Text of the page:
NFU SCOTLAND has told the Scottish Government that it cannot adopt 'business as usual' and has a responsibility to prepare industry for the policy changes.

The farming body has reported unprecedented levels of member engagement, as it submits it views to the agricultural transition consultation which will set the direction of travel for a new future Scottish agricultural policy outside the EU.

NFUS Director of Policy, Jonnie Hall said: “The future delivery of support under agricultural policy in Scotland must enable every farm and croft, regardless of size, type or location, to play its part in delivering on the trio of food production, climate ambitions and biodiversity enhancement.

“It is clear that the political, economic and social context in which Scottish agriculture now finds itself has changed dramatically and the weight of expectation on delivery rests increasingly with farmers and crofters. Consequently, agricultural policy must change significantly and the responsibility of enabling farmers and crofters to deliver sits firmly with Scottish Government and a new, properly funded policy package."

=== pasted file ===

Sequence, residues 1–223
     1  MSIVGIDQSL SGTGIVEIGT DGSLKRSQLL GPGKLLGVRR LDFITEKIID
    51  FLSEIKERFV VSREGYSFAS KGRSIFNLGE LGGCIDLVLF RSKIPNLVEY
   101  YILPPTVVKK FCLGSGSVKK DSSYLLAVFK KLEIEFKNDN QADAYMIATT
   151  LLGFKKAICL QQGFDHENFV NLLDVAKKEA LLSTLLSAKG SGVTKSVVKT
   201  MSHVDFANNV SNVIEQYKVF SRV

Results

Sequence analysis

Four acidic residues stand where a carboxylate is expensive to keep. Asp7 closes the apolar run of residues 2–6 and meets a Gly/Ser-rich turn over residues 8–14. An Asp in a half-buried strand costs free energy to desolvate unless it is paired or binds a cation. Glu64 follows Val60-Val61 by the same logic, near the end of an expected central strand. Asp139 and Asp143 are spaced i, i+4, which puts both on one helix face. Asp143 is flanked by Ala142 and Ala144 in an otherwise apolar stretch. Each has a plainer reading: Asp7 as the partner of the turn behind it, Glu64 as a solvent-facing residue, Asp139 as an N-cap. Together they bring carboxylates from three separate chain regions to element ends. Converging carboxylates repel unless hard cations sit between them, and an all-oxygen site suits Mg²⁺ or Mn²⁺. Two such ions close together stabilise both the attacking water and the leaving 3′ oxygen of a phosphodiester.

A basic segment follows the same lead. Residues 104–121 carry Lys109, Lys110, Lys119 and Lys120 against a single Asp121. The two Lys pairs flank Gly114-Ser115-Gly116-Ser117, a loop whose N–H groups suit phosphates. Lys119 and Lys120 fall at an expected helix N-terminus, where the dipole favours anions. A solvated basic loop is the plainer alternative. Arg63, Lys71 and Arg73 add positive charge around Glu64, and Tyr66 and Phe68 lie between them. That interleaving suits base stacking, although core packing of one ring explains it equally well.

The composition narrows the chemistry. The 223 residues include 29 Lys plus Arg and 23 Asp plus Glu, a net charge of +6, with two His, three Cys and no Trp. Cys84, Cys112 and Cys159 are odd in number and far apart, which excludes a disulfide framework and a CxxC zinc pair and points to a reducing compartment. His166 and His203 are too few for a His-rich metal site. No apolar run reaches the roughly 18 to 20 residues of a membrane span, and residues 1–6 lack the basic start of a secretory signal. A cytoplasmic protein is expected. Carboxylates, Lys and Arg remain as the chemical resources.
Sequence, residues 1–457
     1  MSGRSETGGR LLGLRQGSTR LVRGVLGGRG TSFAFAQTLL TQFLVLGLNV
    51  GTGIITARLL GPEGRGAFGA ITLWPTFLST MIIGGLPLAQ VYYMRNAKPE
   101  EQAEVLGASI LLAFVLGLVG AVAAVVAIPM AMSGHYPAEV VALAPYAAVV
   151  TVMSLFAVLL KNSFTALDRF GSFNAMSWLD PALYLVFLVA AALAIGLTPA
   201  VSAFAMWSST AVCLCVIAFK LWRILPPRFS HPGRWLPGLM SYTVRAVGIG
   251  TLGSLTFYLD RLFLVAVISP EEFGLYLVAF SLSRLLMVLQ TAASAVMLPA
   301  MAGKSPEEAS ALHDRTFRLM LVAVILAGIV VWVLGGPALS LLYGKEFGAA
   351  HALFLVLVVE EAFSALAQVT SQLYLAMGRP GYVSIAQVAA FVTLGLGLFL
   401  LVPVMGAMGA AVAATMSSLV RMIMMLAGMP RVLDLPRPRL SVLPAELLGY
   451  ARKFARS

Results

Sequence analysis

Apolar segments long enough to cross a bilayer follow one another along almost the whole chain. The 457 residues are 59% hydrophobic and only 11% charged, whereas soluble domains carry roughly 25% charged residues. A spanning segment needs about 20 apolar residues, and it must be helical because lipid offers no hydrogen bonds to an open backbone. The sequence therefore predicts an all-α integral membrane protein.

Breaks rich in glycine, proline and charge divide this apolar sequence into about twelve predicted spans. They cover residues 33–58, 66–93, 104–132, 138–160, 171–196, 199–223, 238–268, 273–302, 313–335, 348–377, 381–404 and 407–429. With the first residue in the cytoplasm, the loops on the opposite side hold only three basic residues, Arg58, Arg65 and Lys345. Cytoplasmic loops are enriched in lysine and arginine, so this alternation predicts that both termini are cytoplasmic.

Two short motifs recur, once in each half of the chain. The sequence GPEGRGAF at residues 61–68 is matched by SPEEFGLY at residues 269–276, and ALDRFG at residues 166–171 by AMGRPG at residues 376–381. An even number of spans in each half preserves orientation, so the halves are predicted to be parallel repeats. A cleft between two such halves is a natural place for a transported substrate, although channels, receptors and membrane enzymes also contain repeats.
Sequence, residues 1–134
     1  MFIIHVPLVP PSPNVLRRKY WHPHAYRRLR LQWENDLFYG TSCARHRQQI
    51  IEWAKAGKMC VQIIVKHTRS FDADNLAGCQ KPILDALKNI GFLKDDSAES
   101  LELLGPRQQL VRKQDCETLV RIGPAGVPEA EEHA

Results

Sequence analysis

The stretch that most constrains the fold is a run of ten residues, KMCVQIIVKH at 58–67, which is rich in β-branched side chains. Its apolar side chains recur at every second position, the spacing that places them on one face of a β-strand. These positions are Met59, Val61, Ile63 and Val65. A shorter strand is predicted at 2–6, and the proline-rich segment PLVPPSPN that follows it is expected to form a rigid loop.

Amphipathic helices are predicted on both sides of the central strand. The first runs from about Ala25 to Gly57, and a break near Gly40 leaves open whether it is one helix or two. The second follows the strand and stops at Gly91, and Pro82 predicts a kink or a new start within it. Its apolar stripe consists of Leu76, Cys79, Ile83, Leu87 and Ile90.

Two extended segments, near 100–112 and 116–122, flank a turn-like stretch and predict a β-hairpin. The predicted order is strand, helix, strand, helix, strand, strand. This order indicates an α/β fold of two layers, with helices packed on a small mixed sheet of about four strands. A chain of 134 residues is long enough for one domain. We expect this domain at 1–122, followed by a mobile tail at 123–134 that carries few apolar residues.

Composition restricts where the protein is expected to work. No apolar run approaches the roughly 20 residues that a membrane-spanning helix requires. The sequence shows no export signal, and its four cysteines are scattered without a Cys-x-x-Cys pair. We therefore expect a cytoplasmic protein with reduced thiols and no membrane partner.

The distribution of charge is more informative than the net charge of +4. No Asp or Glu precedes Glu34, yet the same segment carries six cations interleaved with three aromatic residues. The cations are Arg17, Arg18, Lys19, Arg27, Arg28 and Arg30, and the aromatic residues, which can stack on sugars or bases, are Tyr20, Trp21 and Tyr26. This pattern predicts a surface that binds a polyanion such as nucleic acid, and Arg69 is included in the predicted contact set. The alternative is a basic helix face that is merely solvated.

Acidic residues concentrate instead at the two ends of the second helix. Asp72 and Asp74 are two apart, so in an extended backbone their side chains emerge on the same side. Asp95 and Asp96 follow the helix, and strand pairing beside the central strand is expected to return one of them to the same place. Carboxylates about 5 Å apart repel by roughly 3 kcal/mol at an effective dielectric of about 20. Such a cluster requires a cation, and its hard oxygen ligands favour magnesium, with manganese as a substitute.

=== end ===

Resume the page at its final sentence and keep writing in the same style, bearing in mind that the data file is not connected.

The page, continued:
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He went on to argue that the scale and urgency of the change that is required in the next few years cannot be overstated.

"Given the array of targets that Scottish agriculture has a key role in attaining, the Scottish Government cannot adopt a ‘business as usual’ approach until 2025," he continued. "It has a responsibility to prepare industry.

“The most recent Programme for Government commits to ‘conditional’ support and states that by 2025, half of all funding for farming and crofting will be moved from unconditional to conditional support, with targeted outcomes for low carbon approaches and biodiversity gain. That is a fundamental shift in approach that industry must be ready for.

“The recently announced National Test Programme will begin in spring 2022, with up to £51 million of investment over the following three years, to financially support farmers and crofters to establish a clear baseline and options for action. That ‘kick-start’ is what Scottish agriculture needs in the 2022 to 2024 period if the right tools and support are to be in place from 2025, when the climate and biodiversity performance of businesses is likely to determine the level of agricultural support received."